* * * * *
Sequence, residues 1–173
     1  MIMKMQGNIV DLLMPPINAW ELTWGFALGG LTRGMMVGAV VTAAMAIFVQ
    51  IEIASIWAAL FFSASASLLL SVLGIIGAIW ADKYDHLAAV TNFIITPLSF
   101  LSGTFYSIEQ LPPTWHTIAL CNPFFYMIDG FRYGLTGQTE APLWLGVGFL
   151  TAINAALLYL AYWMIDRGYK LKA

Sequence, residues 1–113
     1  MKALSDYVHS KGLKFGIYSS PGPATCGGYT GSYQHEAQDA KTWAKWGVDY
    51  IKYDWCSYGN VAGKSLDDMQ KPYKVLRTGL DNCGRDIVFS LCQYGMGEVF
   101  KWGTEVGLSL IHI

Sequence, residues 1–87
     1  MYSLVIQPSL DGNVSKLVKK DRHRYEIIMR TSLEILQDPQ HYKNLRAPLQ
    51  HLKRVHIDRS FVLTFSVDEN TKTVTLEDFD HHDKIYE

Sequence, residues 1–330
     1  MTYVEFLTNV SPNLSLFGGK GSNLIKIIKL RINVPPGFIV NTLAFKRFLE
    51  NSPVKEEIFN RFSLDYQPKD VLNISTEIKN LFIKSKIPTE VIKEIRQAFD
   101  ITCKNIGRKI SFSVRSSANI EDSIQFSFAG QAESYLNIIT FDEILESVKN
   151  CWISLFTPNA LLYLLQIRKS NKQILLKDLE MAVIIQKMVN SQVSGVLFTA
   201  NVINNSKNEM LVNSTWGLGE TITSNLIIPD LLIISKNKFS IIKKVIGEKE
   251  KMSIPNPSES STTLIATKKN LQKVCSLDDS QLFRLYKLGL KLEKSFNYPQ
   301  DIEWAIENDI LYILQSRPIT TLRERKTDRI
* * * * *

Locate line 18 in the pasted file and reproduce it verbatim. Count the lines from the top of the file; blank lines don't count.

   201  NVINNSKNEM LVNSTWGLGE TITSNLIIPD LLIISKNKFS IIKKVIGEKE